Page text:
Can we make food out of thin air?
This is Sandra Tsing Loh with the Loh Down on Science.
Soil is full of microbes. These tiny organisms eat and break down other organisms. They also recycle nutrients. But in desolate places on earth, or even in space, what is there to eat?
Dr. Belinda Ferrari led an Australian-based project to explore the wilds of Antarctica. Even in its barren soils, they found rich diversity of microbes. But with so many different bacteria, how can you tell which one eats what?
The answer: genetics! Ferrari and her group found which metabolic genes the microbes were expressing. Essentially, these tracked how the microbes make energy from what they eat.
Surprising result? All they need is air! Many microbes get enough energy simply out of airborne gases. Like hydrogen, carbon monoxide, and carbon dioxide. These gases are waste-products and even toxic to people. But they set the table for a microbe smorgasbord! This completely changes our ideas of what life needs to flourish on our planet, or beyond!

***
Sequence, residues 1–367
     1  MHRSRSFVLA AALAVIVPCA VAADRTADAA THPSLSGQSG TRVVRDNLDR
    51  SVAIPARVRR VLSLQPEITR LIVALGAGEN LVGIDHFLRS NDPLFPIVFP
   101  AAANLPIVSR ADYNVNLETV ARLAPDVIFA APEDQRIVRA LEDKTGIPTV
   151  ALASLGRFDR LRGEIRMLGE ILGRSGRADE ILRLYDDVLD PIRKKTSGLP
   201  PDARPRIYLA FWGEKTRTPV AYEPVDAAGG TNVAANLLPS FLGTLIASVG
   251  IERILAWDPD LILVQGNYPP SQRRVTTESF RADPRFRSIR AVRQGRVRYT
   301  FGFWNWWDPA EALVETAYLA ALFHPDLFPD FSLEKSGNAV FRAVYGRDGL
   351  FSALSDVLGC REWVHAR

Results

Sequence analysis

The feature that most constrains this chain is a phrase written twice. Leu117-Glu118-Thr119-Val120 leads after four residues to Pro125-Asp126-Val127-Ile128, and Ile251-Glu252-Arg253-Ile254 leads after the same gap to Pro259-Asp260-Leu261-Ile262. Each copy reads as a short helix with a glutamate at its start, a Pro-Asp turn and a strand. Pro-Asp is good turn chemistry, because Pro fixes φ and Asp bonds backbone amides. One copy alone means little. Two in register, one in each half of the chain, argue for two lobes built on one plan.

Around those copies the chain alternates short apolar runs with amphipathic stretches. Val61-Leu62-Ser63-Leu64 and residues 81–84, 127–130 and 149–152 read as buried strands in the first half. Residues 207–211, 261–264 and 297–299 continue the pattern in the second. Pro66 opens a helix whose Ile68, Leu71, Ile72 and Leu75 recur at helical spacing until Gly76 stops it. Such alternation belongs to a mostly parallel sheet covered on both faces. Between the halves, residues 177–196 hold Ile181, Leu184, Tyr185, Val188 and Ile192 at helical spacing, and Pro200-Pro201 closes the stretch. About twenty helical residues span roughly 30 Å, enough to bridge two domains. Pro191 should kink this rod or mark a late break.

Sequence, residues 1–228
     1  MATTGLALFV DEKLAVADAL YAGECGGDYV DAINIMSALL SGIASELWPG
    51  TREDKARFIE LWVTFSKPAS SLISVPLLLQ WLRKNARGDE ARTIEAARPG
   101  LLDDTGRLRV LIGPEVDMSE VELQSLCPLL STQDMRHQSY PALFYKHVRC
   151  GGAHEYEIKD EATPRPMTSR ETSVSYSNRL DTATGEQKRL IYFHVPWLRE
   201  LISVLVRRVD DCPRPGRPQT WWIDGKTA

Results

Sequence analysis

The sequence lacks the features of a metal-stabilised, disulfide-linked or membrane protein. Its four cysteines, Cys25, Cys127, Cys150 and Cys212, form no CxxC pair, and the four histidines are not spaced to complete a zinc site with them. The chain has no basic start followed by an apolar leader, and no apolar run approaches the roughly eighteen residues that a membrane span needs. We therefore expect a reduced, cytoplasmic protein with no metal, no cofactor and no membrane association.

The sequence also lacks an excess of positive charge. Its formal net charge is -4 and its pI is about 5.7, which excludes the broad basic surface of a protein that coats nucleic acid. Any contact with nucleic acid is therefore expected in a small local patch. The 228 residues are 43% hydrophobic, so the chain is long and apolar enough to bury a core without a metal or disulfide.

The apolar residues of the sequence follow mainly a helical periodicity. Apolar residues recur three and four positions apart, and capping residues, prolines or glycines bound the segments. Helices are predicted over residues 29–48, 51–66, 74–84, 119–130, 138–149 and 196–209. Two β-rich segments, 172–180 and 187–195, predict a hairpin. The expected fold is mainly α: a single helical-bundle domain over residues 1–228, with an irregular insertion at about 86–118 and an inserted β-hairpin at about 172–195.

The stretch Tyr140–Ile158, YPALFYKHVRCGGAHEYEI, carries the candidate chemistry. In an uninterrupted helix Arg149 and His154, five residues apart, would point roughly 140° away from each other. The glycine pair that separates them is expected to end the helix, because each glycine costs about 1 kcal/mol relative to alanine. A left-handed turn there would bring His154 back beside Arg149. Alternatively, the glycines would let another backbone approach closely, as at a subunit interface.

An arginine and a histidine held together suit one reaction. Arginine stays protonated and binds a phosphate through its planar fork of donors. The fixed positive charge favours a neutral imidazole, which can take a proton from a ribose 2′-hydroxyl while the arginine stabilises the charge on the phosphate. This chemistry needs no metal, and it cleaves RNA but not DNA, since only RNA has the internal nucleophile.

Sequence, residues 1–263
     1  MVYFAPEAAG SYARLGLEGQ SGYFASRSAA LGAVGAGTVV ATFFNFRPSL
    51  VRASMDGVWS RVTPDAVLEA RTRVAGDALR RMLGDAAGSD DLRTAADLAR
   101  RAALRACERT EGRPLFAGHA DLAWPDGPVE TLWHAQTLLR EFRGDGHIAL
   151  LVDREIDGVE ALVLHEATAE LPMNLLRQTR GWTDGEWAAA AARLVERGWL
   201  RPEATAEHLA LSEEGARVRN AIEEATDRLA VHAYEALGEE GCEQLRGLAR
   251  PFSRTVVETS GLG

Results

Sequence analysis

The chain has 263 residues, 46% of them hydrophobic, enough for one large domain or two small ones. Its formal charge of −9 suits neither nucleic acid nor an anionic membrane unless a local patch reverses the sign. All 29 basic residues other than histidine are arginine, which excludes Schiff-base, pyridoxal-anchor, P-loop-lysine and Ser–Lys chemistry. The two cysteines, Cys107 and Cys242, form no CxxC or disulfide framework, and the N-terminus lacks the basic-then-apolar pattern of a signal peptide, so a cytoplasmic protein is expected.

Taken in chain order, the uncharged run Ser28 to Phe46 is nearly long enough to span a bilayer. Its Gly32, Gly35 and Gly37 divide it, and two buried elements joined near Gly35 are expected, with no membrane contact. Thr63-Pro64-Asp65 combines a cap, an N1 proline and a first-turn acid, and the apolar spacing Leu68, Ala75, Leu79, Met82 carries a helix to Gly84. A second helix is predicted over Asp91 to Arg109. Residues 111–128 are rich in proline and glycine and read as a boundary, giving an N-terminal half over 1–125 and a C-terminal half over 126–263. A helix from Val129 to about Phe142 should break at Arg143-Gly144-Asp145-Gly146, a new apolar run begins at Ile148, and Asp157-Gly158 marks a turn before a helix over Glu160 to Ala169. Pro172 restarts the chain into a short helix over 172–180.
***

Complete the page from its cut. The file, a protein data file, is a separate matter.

Look out Marvin, life may be stirring in the soil on Mars! Friendly life. We hope!
Ji, M., Greening, C., Vanwonterghem, I., Carere, C. R., Bay, S. K., Steen, J. A., Montgomery, K., Lines, T., Beardall, J., van Dorst, J., Snape, I., Stott, M. B., Hugenholtz, P., & Ferrari, B. C. (2017). Atmospheric trace gases support primary production in Antarctic desert surface soil. Nature, 552(7685), 400–403. https://doi.org/10.1038/nature25014